1 February 1994 Optical design of a near-ultraviolet coronagraph for a sounding rocket platform
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Optical Engineering, 33(2), (1994). doi:10.1117/12.152194
Abstract
The near-UV (190 to 270 nm) coronal emission lines present a unique opportunity to observe heliospheric plasmas between one and two solar radii. The near-UV coronagraph was specifically designed to obtain observations in these lines from a sounding rocket platform. The design demonstrates that high-resolution, two-dimensional coronal observations in the near-UV are readily achievable within the practical constraints of a sounding rocket. The near-UV coronagraph consists of a reflective, coronagraph telescope followed by an imaging channeled spectrograph. The telescope includes a Lyot stop and an occulter to minimize instrumentally scattered disk radiation. The choice of a mirror objective gives rise to a compact, achromatic telescope with excellent off-axis rejection and good imaging properties. The focal plane package combines a Fabry-Pérot interferometer with a tandem Wadsworth spectrograph to produce a channeled spectrum consisting of a series of two-dimensional (25 x 500 arcsec), narrow-bandpass (~0.1 Å) images at the instrument focal plane. The instrument will produce a number of high-spatial-resolution (< 1 arcsec) coronal images in a single flight.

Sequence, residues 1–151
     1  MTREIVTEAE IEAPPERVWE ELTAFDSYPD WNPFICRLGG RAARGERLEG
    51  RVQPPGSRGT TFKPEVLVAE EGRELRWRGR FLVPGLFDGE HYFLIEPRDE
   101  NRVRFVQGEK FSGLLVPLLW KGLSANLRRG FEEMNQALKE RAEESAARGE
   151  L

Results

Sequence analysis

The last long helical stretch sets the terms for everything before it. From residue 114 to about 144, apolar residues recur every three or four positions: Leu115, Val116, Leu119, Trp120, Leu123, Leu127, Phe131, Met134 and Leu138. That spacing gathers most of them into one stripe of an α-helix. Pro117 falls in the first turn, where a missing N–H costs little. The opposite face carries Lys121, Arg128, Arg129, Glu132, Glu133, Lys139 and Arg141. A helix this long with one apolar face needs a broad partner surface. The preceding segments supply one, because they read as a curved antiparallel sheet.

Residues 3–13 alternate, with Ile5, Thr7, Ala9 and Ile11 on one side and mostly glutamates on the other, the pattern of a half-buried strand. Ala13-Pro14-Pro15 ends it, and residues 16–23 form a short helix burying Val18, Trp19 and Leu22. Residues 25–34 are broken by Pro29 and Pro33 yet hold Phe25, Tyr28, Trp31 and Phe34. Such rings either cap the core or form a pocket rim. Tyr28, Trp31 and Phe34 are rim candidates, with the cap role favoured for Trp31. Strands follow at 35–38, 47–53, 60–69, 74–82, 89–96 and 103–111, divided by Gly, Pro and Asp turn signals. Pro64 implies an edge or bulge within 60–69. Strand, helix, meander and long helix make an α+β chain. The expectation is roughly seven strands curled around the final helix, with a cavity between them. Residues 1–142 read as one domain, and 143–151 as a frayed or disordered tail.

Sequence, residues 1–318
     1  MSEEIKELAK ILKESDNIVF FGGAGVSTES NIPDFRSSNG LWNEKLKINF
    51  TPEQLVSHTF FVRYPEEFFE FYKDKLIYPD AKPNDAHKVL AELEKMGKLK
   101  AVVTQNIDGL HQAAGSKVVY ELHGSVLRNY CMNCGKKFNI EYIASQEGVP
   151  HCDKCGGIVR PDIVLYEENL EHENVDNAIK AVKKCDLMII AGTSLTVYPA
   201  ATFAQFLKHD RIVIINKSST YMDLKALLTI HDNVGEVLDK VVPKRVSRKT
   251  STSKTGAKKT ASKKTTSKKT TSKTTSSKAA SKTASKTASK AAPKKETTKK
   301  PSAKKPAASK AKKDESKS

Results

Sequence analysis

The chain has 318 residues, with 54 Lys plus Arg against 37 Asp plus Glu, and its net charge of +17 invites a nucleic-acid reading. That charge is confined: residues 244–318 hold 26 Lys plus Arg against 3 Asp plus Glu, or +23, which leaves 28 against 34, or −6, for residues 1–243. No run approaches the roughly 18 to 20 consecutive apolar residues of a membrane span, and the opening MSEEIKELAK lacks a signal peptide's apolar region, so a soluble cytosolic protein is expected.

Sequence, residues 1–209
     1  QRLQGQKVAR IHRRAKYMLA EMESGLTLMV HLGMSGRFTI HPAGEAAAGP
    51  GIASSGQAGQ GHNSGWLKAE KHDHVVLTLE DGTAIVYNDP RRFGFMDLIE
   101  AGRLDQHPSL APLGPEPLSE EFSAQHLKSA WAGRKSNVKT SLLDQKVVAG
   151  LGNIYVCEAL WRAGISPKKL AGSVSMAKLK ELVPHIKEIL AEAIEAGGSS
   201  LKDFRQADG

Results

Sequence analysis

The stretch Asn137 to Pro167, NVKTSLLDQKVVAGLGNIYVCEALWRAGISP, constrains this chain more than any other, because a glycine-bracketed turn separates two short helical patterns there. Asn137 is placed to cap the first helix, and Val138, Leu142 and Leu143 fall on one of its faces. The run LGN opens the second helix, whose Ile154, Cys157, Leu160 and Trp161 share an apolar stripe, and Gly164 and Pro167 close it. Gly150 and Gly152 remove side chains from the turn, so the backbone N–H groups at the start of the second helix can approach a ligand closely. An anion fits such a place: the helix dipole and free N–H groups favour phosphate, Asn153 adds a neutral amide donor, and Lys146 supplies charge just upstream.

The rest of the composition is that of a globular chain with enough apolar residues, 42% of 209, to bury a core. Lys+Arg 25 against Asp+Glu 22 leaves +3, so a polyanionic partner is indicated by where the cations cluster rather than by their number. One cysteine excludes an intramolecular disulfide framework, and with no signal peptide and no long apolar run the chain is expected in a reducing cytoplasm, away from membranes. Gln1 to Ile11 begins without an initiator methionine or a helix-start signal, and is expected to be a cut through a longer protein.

Clarence M. Korendyke, Dianne K. Prinz, Dennis George Socker, "Optical design of a near-ultraviolet coronagraph for a sounding rocket platform," Optical Engineering 33(2), (1 February 1994). http://dx.doi.org/10.1117/12.152194
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KEYWORDS
Coronagraphy

Near ultraviolet

Mirrors

Telescopes

Space telescopes

Spectrographs

Objectives

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